Najee Harris is one of several high-profile running backs who has publicly aired his grievances with the downward trend of the position’s market. Conversations amongst the league’s top backs have been aimed at finding a solution to the growing trend of teams avoiding lucrative commitments on second contracts, something which will become a key topic of conversation in Pittsburgh as early as next offseason.
Having been drafted in 2021, Harris is entering the all-important third year of his rookie contract this season. He will be eligible for an extension after the campaign, but, as a former first-rounder, the team will be able to keep him on the books through 2025 via the fifth-year option. Committing to Harris over the long-term would be complicated by the cost of extending franchise quarterbacks, however.
“You don’t have to be a mathematician to figure it out, but when quarterbacks’ salaries start increasing at the rate that they’re increasing, at some point, it’s going to have a residual effect somewhere on the roster,” GM Omar Khan said, via Tim Benz of triblive.com.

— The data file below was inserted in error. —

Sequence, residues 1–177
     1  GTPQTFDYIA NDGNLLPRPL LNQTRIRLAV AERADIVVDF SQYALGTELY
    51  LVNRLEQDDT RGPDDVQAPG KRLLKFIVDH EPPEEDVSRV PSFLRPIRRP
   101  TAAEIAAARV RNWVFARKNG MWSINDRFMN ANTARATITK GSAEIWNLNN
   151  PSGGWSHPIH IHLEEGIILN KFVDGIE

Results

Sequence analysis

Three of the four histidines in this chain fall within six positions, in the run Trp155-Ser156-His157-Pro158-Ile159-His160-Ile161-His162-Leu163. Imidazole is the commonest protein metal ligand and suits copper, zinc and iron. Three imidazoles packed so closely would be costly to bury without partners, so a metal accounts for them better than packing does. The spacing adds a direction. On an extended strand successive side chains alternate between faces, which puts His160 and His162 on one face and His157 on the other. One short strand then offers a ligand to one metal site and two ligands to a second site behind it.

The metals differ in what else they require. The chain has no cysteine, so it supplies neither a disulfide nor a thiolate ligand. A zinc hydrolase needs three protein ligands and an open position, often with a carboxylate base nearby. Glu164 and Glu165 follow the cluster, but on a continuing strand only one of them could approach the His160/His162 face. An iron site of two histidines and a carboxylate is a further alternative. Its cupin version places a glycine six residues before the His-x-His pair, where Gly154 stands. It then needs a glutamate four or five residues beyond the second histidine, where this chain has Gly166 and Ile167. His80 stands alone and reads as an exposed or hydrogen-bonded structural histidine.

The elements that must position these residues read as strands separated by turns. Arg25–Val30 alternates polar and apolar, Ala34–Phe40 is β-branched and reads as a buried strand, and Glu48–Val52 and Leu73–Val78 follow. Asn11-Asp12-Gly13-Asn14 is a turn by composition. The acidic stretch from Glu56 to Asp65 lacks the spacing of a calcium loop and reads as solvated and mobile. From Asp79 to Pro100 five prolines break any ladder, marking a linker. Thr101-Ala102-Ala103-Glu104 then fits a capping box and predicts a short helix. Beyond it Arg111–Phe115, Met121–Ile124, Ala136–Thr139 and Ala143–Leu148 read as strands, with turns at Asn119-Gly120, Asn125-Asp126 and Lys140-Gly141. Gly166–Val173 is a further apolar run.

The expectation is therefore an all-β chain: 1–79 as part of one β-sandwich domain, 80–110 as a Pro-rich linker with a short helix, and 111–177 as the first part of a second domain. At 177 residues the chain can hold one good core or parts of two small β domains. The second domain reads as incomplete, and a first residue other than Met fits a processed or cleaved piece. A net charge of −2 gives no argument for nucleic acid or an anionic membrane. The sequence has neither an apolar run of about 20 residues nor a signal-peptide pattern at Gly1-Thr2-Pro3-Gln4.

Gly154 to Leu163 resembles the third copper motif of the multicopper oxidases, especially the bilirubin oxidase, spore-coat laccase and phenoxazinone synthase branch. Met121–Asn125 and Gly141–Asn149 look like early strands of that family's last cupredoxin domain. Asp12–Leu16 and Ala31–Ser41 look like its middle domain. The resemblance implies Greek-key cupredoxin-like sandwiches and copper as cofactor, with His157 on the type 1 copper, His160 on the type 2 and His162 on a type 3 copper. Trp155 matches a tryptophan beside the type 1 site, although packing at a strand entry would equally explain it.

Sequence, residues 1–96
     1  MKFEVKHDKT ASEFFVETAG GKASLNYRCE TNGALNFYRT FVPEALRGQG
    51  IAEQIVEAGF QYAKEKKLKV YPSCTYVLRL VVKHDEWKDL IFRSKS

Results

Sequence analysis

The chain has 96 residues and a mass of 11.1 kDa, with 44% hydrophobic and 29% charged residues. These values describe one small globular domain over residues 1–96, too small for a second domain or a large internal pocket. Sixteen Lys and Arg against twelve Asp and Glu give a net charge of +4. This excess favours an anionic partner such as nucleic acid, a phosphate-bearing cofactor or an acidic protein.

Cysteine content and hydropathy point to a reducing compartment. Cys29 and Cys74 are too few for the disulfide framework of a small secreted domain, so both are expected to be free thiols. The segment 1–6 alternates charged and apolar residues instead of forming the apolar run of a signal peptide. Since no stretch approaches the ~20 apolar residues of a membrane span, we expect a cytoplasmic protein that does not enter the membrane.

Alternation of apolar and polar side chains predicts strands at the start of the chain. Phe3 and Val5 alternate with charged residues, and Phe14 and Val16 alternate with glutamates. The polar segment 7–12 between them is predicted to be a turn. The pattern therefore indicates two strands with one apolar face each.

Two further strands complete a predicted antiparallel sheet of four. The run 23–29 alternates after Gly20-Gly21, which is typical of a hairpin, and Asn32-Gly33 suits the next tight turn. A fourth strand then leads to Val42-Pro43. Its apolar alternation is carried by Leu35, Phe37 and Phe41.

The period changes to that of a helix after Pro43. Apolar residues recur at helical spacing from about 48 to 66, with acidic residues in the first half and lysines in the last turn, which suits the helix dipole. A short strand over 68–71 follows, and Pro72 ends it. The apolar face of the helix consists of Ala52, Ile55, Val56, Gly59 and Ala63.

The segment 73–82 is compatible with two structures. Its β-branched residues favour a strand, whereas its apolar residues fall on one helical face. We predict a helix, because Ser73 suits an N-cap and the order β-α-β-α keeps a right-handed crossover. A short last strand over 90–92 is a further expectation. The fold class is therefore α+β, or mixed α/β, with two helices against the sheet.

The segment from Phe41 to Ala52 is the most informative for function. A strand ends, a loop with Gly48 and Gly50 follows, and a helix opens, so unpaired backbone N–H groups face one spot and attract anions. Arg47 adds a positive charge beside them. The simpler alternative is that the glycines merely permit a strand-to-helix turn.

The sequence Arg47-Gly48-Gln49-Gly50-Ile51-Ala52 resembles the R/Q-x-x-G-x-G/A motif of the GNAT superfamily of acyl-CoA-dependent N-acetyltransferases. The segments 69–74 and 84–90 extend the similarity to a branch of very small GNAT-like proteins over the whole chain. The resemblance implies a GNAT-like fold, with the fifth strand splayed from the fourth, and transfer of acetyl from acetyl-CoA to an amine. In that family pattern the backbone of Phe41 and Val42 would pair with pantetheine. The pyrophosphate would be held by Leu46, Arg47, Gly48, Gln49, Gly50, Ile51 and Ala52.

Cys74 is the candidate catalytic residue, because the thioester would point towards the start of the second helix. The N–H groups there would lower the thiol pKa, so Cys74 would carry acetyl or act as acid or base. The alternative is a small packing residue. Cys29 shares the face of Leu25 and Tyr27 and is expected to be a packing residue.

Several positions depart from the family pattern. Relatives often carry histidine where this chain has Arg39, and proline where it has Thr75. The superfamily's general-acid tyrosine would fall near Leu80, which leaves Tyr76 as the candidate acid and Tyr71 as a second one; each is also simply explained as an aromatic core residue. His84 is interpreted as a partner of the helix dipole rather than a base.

“Every franchise is going to handle things differently. It’s up to every franchise to decide how to build their roster, but eventually, that’s going to have an effect when the quarterback salaries are growing at a rate higher than what the cap is,” he added. “There are ways to get around whatever the cap number is, but it’s just going to be a natural effect.”
Indeed, surging prices for young quarterbacks have caused teams to find cost-effective players at other positions, and running backs are a natural target given their attrition rate. Workhorse backs are under threat of seeing a short shelf life in the NFL, something which is particularly of note in Harris’ case. The Alabama product leads the NFL in both carries (579) and touches (694) over the course of his two-year career.
He has been able to total 2,930 scrimmage yards and 20 touchdowns so far, but efficiency (3.9 yards per carry average) has been a concern. Those figures will play a large role in determining Khan’s willingness to extend Harris, 25, when the time comes, and the depressed nature of the market would lend itself to the team having plenty of leverage during contract talks. With plenty of time remaining before those need to begin, though, player and club are proceeding with the status quo ahead of 2023.
Khan noted that he has not discussed any hypothetical extension with Harris, while praising the latter for his on- and off-the-field contributions in his young career. How interested the Steelers become in committing to a multi-year deal sometime down the road will certainly be worth watching, however.